I never thought I’d see a governor as in love with an industry as former Gov. Edward G. Rendell was with gaming — until current Gov. Tom “I Don’t Give a Frack” Corbett got sworn in and entered the political equivalent of a shotgun wedding with the natural gas industry.
Corbett got huge contributions from the industry in his run for governor. Despite a massive budget deficit, he’s refused to tax the industry, even though, according to media reports, some industry representatives said they would be open to a severance tax.
Those types of political/policy issues come up all the time when new governors are sworn in.
But the item that’s really pushed a lot of people over the edge was the recent news that the Department of Environmental Protection is requiring inspectors to have the DEP’s secretary, Michael Krancer, sign off on any notice of a violation related to Marcellus Shale natural gas drilling. Prior to that, inspectors could issue citations without having to get prior approval from the head honchos at the DEP.
One source well-versed in Pennsylvania political influence told me there’s only one reason for such a policy move. It’s to protect favored people from enforcement. Other lawyers I spoke to said there’s a second reason: to discourage inspectors from even trying to issue citations. Why? Because who wants the boss reviewing every single decision they make? A policy like that can quickly have a chilling effect.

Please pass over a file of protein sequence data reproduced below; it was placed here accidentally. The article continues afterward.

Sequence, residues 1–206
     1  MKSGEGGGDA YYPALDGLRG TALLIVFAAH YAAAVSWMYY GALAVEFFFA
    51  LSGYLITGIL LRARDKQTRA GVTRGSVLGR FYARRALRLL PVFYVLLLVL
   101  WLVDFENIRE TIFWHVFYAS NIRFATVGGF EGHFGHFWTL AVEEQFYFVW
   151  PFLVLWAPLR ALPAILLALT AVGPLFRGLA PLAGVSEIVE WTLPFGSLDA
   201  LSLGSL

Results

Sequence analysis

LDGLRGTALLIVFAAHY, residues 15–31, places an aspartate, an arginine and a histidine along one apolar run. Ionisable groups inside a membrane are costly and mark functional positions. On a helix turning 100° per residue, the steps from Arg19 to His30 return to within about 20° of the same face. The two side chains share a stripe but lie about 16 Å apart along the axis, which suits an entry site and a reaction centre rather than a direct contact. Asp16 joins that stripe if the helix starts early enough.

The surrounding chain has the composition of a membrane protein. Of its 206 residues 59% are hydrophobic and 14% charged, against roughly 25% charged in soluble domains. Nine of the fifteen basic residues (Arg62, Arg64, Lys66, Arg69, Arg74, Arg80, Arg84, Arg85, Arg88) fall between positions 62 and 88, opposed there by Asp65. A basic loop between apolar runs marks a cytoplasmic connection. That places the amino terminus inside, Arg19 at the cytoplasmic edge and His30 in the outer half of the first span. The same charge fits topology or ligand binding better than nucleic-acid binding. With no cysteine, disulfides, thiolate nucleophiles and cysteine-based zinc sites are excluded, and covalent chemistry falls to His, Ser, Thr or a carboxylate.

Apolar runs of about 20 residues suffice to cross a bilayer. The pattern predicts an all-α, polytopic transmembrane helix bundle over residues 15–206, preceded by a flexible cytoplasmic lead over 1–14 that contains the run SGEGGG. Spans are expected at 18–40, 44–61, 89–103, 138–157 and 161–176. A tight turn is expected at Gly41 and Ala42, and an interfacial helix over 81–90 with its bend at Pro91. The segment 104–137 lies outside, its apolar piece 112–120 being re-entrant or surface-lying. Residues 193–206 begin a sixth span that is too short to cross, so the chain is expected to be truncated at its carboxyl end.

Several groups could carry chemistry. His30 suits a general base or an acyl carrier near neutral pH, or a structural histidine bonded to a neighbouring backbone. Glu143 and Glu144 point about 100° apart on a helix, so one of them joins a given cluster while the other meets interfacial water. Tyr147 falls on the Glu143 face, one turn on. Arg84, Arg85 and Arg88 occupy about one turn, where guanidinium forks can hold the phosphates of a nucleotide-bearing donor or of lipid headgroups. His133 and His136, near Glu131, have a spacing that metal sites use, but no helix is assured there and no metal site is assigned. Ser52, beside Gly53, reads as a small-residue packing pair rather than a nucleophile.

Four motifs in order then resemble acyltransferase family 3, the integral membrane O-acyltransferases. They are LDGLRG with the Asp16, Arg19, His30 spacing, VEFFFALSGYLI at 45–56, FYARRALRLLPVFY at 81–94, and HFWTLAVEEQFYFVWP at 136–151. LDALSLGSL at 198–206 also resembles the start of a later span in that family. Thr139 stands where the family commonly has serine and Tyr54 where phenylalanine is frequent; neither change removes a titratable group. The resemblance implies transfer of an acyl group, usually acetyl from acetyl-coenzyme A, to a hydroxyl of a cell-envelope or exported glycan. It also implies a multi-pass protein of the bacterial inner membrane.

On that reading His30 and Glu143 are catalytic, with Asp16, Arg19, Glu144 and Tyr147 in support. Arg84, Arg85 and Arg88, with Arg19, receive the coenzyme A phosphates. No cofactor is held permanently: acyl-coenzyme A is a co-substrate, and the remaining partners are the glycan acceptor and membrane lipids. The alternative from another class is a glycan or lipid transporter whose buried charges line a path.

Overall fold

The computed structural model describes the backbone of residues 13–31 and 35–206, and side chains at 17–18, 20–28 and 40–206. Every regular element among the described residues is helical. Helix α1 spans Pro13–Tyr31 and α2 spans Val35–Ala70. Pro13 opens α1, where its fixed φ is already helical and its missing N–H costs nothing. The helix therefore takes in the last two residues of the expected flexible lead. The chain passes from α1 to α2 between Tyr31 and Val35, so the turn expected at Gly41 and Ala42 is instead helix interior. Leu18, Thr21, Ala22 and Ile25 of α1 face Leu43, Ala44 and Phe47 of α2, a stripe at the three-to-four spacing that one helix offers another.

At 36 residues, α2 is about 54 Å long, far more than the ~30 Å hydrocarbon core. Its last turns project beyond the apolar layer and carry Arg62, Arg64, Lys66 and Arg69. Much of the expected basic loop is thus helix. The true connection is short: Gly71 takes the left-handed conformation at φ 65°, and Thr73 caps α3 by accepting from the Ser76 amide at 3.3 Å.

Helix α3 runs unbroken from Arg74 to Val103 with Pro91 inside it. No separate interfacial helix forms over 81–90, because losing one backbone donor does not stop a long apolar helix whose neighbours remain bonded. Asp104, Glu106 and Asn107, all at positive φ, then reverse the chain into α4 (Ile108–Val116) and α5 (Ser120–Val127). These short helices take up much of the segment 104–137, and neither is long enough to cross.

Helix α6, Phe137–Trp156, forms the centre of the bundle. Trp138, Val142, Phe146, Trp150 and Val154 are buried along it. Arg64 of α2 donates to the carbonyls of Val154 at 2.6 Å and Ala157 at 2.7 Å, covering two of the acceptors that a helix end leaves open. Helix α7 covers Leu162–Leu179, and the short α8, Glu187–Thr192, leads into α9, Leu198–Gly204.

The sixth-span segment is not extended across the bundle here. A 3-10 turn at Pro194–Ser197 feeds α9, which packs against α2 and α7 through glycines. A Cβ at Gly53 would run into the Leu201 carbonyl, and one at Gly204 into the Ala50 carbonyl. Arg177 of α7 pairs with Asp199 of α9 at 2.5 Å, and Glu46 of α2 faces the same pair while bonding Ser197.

The condemnation of the policy change was swift and well-deserved. Editorials from around the state blasted the move. There’s talk in the legislature of an investigation. It looks bad and smells bad.
After the public outcry, according to media reports, the DEP said the policy change was a “pilot project.” According to the most recent Pittsburgh Post-Gazette articles I’ve seen, Corbett hasn’t answered questions about whether he supports the policy or had a hand in it.
Not that it matters. Because at this point, nobody is going to believe that his answers wouldn’t be “yes and hell yes.”
There are good reasons to be concerned about the environment in the wake of a booming industry and lots of drilling. Scars from old coal mines are still evident in Pennsylvania.
My first job out of college was as a police reporter in Butte, Mont. At one time, work in the copper mines went day and night and Butte was one of the largest cities west of the Mississippi. By the time I got there the mines had been shut down and the town was the site of the largest Superfund site in the country.
I remember getting off the plane and thinking there was more grass in the parking lot at Veterans Stadium than there was in Butte. I still have a postcard I keep on a corkboard. Everywhere you look the land is tan, ripped, grooved and ugly. In the middle of the postcard is a picture of the Berkley Pit, a former open copper pit mine, now filled with toxic water. Townsfolk talked of whole flocks of Canada geese landing on it and dying, their insides burned out. At Superfund meetings they talked about lead poisoning in the dust that blew around town.
What I learned in Butte is that you don’t have to be a tree-hugger to have concerns about things like the Marcellus Shale. It’s not unreasonable to want some oversight and regulations to protect the environment, and diligent and prompt enforcement when regulations are broken.